June 04, 2012

Wilson named Education-Human Services dean

by Christi Mathis

CARBONDALE, Ill. -- A professor and former research center director from The Pennsylvania State University has been named the next dean of the College of Education and Human Services at Southern Illinois University Carbondale.

Keith B. Wilson is a professor of counselor education and rehabilitation education at Penn State and also operates a private practice offering counseling, consultation and psychotherapy services in State College, Pa.  Wilson served as director of the Penn State Africana Research Center from 2006 to 2008 and also was previously program chair of rehabilitation programs for four years.

He will begin his employment at SIU Carbondale on July 1, subject to ratification by the SIU Board of Trustees.

“Dr. Wilson is an accomplished educator and administrator, and he will be an enthusiastic and effective leader for the college,” Chancellor Rita Cheng said in announcing the appointment.  “He shares our priorities of student success, service and outreach, and conducting meaningful research.”

Wilson earned his doctorate in education at The Ohio State University in 1997 and has completed post-doctoral studies at Harvard University.  He also holds a master’s in rehabilitation counseling from Kent State University (1985) and a bachelor’s in rehabilitation services (1984) from Wilberforce University in Wilberforce, Ohio.

Wilson held positions as a graduate teaching assistant, graduate program assistant and college research intern at Ohio State prior to joining the Penn State faculty in 1997.  Initially hired as an assistant professor at Penn State University, he became an associate professor in June 2003 and professor in June 2007. 

He has served as director of counseling services at Brewton-Parker College in Mount Vernon, Ga., psychotherapist (consultant) at the Mel Blount Youth Home of Georgia and counseling coordinator/psychometrist at Savannah State University.  He also has experience with the Tidelands Mental Health Agency in Savannah, the Ohio Bureau of Vocational Rehabilitation and the Rehabilitation Institute of Pittsburgh.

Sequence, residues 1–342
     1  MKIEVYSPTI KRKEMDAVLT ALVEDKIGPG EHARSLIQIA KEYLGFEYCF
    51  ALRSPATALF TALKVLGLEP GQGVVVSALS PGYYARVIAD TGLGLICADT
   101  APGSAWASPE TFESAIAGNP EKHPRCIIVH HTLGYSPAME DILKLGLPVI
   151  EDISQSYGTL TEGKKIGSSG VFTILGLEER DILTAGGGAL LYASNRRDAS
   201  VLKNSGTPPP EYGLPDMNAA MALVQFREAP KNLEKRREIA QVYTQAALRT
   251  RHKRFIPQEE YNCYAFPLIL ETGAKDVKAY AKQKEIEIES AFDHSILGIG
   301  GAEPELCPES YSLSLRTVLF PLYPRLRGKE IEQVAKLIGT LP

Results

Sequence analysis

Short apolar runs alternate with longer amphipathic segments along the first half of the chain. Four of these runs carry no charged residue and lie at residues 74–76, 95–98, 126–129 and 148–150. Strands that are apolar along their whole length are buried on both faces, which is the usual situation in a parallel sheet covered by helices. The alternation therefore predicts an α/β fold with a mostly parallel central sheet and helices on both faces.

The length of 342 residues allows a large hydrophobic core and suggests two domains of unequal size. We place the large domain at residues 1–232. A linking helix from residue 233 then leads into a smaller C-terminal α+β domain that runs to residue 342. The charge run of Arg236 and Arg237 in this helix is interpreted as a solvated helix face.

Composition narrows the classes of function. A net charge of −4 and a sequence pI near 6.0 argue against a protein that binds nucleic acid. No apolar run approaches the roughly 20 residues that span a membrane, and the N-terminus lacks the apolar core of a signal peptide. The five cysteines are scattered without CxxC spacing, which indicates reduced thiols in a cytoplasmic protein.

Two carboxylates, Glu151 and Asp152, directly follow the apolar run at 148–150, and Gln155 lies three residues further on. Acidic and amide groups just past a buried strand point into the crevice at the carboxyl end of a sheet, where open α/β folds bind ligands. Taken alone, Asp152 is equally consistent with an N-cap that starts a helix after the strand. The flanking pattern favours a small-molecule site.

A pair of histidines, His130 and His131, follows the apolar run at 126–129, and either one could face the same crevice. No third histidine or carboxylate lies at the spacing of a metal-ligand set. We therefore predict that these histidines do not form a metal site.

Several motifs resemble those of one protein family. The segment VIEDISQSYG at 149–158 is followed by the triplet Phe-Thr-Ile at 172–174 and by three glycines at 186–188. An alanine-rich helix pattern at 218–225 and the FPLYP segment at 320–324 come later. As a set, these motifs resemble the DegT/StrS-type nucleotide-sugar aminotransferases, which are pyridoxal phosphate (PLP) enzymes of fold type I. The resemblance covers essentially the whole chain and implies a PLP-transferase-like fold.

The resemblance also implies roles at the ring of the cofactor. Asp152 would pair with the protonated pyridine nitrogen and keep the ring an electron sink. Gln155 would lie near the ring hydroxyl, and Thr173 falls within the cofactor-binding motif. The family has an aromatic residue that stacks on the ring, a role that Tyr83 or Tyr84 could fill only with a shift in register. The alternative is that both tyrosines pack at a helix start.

Wilson’s primary research interests include cross-cultural and multicultural issues among people with disabilities and privilege-based phenotype in the United States.  In addition to providing counseling services since 2004, Wilson has taught a number of courses, including client assessment in rehabilitation and human services, multicultural counseling, multicultural foundations of education and rehabilitation services for children and adults using augmentative and alternative communication, case management and recording, and vocational rehabilitation counseling. 

“It is indeed an honor to be hired as the dean of the College of Education and Human Services at SIU Carbondale.  The college has several nationally ranked programs and is great at attracting external funding for both the students and faculty,” Wilson said. 

He said several factors drew him to the University.

“SIU Carbondale has an outstanding history of serving a diverse student body.  In addition, the school spirit and commitment of the University and the college to producing well-rounded students attracted me.  The dedication of both the staff and faculty is obvious and in my meetings with administrators and many others in the academic community, they made a penetrating argument that school spirit is more than just a phrase -- it is a way of living for all who are part of the Saluki nation.  I believe it is a good fit,” Wilson said.

Wilson said the quality programming and national rankings brought SIU Carbondale to his attention and his goals include working to enhance both.

“My vision of the college is to advance its national rankings,” he said.  “While there are many strategic goals that I can elaborate on as dean, my first order of business will be to acquaint myself with the college’s personnel.  I am optimistic that understanding the personnel milieu and challenges within COEHS will facilitate, among other goals, producing the national rankings and quality students that we can all be proud of.”

Wilson has won a number of awards for his research and service.  He recently received the Researcher of the Year Award from the National Council of Rehabilitation Educators (NCRE) for 2012.  He also received the Outstanding Researcher Award from the Pennsylvania Counseling Association in 2002 and 2000 and the Bobbie Atkins Research Award from the National Association of Multicultural Rehabilitation Concerns in 2001.  His awards at Penn State include the education college’s Climate Enhancement Award in 2009 and the Outstanding Faculty Award in 2003.  He won the Sylvia Walker National Multicultural Award from the National Rehabilitation Association in 2006 and has amassed numerous other honors and awards as well. 

Born in Spartanburg, S.C., Wilson moved to Atlanta at the age of 12 with parents George (now deceased) and Annette and considers it his hometown.  He and wife Beverly have a daughter, Aliya, 17.